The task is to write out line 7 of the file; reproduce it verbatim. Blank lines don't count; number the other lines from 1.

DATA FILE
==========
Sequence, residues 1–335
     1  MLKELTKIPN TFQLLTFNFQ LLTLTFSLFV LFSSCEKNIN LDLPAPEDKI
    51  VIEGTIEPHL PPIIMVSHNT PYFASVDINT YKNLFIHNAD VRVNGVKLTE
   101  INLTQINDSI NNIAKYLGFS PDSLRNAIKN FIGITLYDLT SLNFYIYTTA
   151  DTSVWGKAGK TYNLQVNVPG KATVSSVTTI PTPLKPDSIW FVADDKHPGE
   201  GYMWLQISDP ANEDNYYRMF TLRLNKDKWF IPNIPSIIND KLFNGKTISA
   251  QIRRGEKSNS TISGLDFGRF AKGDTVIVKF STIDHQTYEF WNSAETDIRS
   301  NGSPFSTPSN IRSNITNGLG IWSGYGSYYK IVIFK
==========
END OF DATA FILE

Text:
   251  QIRRGEKSNS TISGLDFGRF AKGDTVIVKF STIDHQTYEF WNSAETDIRS